The Naked King
by Sally MacKenzie
The Naked King marks the ninth and final installment in Sally MacKenzie's “Naked Series.” As with previous books the title does not represent the title our hero actually holds, but instead a nickname. Mr. Stephen Parker-Roth was dubbed “The King of Hearts” for his incredible ability with…cards, or at least that the way he tells it. No one ever really believed him though, and since we were never told the story of how it came about we are left to wonder.
Ten years ago, Anne attended a country house party shortly before she was set for her come-out in London. She met a man there who charmed her into believing she was in love. One of the evenings, he took her to the garden, kissed her, lifted her skirts, did the deed quickly (so quickly Anne didn't have a chance to say no) and then left. Broken-hearted she returned home. Since her step-mother was increasing with twins, she used the pregnancy to escape her first season. Since her father and stepmother were more interested in antiquities then the children, raising her sister and the twins allowed Anne to ignore the next nine seasons.
Now Anne is being put in charge of her sister's debut. Her father and step-mother drop Anne, her sister and twin brothers off at their Aunt's house before departing on an antiquities hunt. The Aunt has a fascination with birds that causes her to spend all her time in the library reading books (excusing the fact that one would think someone fascinated with birds would spend time outside looking for them rather than reading, we continue on). Needless to say, Anne is the only one around to run herd on her siblings and their unruly dog.
She is walking the dog one morning when the dog decides to run and jump on Mr. Stephen Parker-Roth. It might be morning, but for a man that hasn't made it home yet from the nights frivolities, it is quite impossible to keep your balance when drunk and a dog jumps on you. Of course, when meeting someone new in just this fashion the first thing you should do is take their bonnet, throw it in the mud and smash it with your foot because you find the bonnet drab and unappealing. And then you must follow that piece of madness up by grabbing the woman you have just met and kiss her in broad daylight in Hyde Park. So when the biggest gossip in town see's you, you have no choice but to propose marriage.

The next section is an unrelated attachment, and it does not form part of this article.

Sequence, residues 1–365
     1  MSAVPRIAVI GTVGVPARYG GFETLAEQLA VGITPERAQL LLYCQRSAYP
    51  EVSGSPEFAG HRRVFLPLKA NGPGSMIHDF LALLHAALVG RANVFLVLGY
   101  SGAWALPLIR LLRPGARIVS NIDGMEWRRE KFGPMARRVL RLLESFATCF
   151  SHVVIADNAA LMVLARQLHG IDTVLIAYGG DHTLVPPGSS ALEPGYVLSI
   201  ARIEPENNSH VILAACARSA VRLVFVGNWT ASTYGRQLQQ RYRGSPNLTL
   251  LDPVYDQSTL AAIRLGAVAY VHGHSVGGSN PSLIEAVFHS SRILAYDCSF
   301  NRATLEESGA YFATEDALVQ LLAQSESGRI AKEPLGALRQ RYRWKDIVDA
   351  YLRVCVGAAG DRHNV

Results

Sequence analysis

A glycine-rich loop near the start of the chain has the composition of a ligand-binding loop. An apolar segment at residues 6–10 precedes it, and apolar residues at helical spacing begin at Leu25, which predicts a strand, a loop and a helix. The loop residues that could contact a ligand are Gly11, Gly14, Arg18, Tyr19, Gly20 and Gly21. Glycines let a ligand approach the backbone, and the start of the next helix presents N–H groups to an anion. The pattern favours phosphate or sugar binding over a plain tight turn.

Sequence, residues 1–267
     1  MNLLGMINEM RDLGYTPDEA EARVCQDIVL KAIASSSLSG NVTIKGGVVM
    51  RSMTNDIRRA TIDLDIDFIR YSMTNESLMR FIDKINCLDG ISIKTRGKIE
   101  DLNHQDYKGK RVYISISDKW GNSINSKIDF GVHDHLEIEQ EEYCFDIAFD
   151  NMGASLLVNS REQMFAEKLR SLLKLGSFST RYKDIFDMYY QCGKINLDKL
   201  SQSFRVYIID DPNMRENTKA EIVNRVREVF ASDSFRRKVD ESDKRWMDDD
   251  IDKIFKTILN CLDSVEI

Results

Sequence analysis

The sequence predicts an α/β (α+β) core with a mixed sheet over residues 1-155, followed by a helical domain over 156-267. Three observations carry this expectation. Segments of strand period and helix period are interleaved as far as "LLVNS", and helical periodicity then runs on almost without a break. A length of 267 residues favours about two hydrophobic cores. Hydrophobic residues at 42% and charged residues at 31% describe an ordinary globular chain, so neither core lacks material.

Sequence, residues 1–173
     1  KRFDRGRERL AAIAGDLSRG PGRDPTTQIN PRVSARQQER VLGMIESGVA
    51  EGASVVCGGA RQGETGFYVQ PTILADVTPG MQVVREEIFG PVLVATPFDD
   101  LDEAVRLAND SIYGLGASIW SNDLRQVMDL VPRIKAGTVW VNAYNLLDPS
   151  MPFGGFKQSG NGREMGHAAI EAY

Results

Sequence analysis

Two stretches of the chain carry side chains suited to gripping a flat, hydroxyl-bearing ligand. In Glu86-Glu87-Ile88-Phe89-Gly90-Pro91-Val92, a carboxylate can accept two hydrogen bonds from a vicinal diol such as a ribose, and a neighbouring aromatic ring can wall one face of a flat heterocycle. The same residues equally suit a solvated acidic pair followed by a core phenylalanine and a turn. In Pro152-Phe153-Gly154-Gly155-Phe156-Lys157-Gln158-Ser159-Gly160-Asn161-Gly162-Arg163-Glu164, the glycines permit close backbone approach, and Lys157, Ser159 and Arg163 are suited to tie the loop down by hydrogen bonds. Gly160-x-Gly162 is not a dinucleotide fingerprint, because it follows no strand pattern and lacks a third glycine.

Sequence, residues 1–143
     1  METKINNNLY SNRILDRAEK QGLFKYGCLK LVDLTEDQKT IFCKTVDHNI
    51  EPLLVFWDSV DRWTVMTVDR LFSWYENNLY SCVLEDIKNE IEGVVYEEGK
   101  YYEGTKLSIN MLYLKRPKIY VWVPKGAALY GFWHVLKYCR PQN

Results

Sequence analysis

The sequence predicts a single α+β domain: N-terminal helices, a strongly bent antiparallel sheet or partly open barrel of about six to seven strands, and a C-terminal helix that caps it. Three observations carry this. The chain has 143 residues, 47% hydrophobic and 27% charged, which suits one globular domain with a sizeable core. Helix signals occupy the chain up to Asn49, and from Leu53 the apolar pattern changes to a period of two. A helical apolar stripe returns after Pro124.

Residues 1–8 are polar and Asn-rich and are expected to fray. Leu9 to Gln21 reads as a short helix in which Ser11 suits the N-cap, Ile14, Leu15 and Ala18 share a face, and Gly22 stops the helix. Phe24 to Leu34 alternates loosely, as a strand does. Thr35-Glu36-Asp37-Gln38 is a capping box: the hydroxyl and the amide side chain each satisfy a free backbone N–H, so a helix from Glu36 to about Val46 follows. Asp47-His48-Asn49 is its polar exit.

Anne and her aunt both see the engagement as a way to avoid gossip but don't expect the marriage to happen. Stephen, on the other hand, has decided that Anne is just the woman for him, since he was thinking about settling down anyways. As Anne gets to know Stephen more, she finds she wouldn't mind being married to him, but believes he could never want her. Anne's aunt makes a point of telling both of them that since this is a faux engagement to make sure not to ruin Anne's reputation any further, but then proceeds to leave them alone…over and over again.
As you can tell…I wasn't particularly pleased with this book. To start with, the first two-thirds of the book occurred all in one day. Granted, that one day included enough plot to fill a week, and in fact a lot of the storyline would make more sense if it wasn't squeezed into this small time frame, but still we spent the majority of the book in one day. Then the last third was over several and the timeframe really blurred.
On top of the timeline, there was the mere silliness used in most of the plot devices. Stephen's nickname lends to a certain amount of experience with woman, and although he repeatedly says he is very discreet with women, he kisses her at ten in the morning in the park! He blames it on being drunk. I'm sorry, but I have to blame it on an author that can't think of any other way to compromise these characters.
Believe me, I could continue on and on about this book, but I think you're probably getting the point. I have to finish by saying that the part I found the worst, was that I really liked Stephen and Anne's characters. I think Ms. MacKenzie did a great job in writing their personalities and for that matter the personalities of all the characters. I just didn't enjoy the situations she put them in and through. It makes me sad to have these great characters and not be happy with the story they lived.
“The Ninth and Final Installment in the Naked Series.”
June 2011, 353 pages
Lady Anne Marston, now 27, is considered a spinster, but secretly, she hasn't given up on finding "the one." Despite her disregard for London society, she joins her younger half-sister, Evie, for a visit, in which Evie plans to find a husband. Instead, it's Anne who crosses paths with the infamous (and drunken) Stephen Parker-Roth, a.k.a. the "King of Hearts," because of his skill at seduction. When an impromptu kiss is witnessed, Stephens steps up and pretends they are betrothed - an idea that surprisingly, appeals to them both.